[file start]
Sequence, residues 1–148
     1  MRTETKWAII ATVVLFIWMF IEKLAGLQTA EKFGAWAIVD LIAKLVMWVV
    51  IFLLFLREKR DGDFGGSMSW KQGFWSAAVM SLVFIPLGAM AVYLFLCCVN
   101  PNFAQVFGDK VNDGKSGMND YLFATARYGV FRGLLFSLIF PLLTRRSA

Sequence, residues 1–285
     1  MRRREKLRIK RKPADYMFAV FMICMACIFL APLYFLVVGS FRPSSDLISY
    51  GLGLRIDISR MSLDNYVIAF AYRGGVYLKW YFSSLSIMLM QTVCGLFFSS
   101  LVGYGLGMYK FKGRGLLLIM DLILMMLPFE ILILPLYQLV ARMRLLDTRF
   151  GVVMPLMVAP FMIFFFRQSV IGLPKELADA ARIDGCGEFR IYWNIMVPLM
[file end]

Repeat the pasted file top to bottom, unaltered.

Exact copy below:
Sequence, residues 1–148
     1  MRTETKWAII ATVVLFIWMF IEKLAGLQTA EKFGAWAIVD LIAKLVMWVV
    51  IFLLFLREKR DGDFGGSMSW KQGFWSAAVM SLVFIPLGAM AVYLFLCCVN
   101  PNFAQVFGDK VNDGKSGMND YLFATARYGV FRGLLFSLIF PLLTRRSA

Sequence, residues 1–285
     1  MRRREKLRIK RKPADYMFAV FMICMACIFL APLYFLVVGS FRPSSDLISY
    51  GLGLRIDISR MSLDNYVIAF AYRGGVYLKW YFSSLSIMLM QTVCGLFFSS
   101  LVGYGLGMYK FKGRGLLLIM DLILMMLPFE ILILPLYQLV ARMRLLDTRF
   151  GVVMPLMVAP FMIFFFRQSV IGLPKELADA ARIDGCGEFR IYWNIMVPLM